In fact, Andrew doesn’t know if any investment brokerage services provide this service but he feels it would just need to be a dashboard view on a website. “I spent what felt like a painstaking effort getting these calculations baked into my excel sheet, but it’s awesome!” says Andrew. ” I measure both of these for each investment account, and also on the aggregate of all our accounts together. I really can’t understand how brokerages or investment firms don’t provide dashboards like this.  The way some of them present the data on the movement of your investments isolates you from really understanding where your investments are at. ” Still, Andrew admits that Wealthsimple has some great charts that let you choose the span of time for your investments in your account “and you can easily see the ups/downs and it gives good context of how well you are doing,” explains Andrew.

Andrew has some words of advice for other TFSA investors. “You can optimize returns by putting investments in the right account, be it RRSP, TFSA or unregistered investments. pay attention to taxes, which adds more complexity but a good excel spreadsheet can really help with this.’

Still, Andrew, who ran a half marathon earlier this year, knows how to relax. He likes jogging, bike-riding and spending time with his toddler and teenager, and believes there’s still lots he can learn. “I’d love a couple of tips on how to use the TFSA in the most tax-advantaged way—both while working and into retirement.”

Andrew’s TFSA holdings

Investment type Ticker % of Portfolio
Fixed Income (ZFM, XSH) 20%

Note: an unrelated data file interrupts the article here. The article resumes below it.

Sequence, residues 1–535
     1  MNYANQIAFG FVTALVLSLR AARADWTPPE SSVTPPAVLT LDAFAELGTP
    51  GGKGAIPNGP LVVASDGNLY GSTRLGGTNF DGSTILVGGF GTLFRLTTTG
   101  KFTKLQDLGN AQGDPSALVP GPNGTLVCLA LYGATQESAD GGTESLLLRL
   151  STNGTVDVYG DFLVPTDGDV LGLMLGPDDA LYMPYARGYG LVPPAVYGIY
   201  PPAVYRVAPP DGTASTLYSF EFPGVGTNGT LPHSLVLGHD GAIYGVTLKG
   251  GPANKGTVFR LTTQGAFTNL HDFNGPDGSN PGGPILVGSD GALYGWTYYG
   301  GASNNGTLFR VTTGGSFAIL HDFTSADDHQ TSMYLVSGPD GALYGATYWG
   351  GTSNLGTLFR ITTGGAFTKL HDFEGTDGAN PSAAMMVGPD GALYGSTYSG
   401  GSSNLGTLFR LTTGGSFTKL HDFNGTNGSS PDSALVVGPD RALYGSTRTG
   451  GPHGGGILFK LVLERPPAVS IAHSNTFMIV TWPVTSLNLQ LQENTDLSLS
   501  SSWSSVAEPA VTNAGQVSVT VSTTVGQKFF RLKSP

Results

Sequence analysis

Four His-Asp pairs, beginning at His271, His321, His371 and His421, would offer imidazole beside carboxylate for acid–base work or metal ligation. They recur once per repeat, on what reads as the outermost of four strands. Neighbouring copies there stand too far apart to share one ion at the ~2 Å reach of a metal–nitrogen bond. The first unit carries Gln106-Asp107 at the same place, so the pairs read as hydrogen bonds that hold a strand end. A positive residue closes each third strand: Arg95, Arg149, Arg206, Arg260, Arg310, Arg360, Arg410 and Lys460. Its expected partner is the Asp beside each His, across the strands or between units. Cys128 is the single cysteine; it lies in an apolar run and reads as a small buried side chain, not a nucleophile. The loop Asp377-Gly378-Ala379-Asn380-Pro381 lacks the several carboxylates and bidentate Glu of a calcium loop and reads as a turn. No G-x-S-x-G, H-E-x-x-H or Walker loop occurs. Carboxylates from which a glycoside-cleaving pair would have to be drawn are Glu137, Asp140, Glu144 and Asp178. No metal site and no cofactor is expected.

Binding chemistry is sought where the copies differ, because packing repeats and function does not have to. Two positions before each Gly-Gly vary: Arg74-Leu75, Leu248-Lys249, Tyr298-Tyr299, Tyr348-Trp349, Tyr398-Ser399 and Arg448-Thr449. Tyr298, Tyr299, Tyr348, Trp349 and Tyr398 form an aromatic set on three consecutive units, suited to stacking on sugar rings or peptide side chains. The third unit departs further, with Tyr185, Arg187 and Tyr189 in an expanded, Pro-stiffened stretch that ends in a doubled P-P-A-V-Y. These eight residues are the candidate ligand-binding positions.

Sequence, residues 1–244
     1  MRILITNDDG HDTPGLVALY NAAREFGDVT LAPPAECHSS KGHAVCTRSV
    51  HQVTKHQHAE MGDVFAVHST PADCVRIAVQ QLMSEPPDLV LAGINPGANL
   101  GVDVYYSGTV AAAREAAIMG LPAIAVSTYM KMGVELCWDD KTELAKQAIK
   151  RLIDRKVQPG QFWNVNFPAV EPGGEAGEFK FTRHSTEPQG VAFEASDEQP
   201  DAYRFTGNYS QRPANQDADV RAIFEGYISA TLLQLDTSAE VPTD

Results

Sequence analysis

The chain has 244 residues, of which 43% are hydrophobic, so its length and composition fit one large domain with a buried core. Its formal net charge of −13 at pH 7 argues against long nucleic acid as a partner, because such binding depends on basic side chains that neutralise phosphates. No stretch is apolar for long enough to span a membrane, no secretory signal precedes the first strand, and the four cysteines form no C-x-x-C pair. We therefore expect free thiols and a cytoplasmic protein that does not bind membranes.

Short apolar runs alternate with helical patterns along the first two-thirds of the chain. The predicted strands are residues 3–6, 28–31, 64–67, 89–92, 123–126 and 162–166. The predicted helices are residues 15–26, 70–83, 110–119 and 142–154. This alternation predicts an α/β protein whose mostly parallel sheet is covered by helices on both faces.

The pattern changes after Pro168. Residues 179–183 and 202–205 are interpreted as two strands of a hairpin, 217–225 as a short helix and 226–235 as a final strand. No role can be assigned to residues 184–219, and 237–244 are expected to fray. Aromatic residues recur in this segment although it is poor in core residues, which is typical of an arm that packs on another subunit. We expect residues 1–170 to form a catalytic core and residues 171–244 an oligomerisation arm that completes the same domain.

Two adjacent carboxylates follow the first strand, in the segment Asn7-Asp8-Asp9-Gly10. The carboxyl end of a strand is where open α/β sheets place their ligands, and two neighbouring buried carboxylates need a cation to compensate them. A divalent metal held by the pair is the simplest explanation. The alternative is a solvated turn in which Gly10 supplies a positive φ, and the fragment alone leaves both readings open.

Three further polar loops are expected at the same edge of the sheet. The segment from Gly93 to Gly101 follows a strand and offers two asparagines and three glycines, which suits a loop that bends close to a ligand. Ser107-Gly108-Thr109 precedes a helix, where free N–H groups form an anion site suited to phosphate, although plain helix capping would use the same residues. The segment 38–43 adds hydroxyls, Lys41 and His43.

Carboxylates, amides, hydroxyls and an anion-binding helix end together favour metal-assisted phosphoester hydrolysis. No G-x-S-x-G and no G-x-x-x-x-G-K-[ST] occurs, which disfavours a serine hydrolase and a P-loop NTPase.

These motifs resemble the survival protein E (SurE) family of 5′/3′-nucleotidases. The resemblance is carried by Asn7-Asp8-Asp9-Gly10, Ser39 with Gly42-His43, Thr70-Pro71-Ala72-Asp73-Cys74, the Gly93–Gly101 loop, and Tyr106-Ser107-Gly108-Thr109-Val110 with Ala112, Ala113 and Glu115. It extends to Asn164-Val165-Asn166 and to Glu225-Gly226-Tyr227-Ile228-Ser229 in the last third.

Canadian Equity (XIC) 22%
U.S. Equity (VUS, VTI) 33%
International (IEFA, IEMG) 25%
TOTAL 100%

What the pro says

“There are many times when experts are asked to weigh in on accounts to offer their thoughts and they cannot help but marvel at how dysfunctional some people’s investment strategies are but this is not one of those situations,” says John DeGoey, portfolio manager with Industrial Alliance Securities Inc. “Andrew seems to be covering all the bases here.”

DeGoey notes that Andrew is diversified well (i.e. both within and throughout asset classes), managing his costs in a meaningful way (all ETFs) and re-balancing prudently. “To me, there is very little to add or change. While I would not specifically recommend that Andrew change anything, here are a few thoughts for him to weigh, depending on what he has in mind for the money” says DeGoey.

1. Depending on his risk profile and timeframe, DeGoey questions whether Andrew even needs income products in his TFSA. He made no mention of what the money is for, so obviously, if there are short-term purchases on the horizon, the answer ought to be “yes.”

2. One geographical asset class that’s conspicuous in its absence is emerging market equity. DeGoey notes that this is the one part of the world that is growing at a reasonable clip, has a burgeoning middle class and still has modest valuations. “It’ll be a bumpier ride, but if Andrew’s time horizon is as long as I suspect it is, it’ll likely be worth a 10% to 15% allocation,” says DeGoey.

“In total, I think Andrew is doing a fine job. I once had a colleague tell me that any client’s eyes would glaze over if an advisor tried to explain Modified Dietz. It should be obvious, therefore, that Andrew’s case is not a typical one.”

John De Goey is a Portfolio Manager with Industrial Alliance Securities Inc. and the author of The Professional Financial Advisor IV. Industrial Alliance Securities Inc. is a member of the Canadian Investor Protection Fund. The opinions expressed herein are those of Mr. De Goey alone and may not be aligned with the opinions and values of Industrial Alliance Securities Inc. or any of its affiliated companies.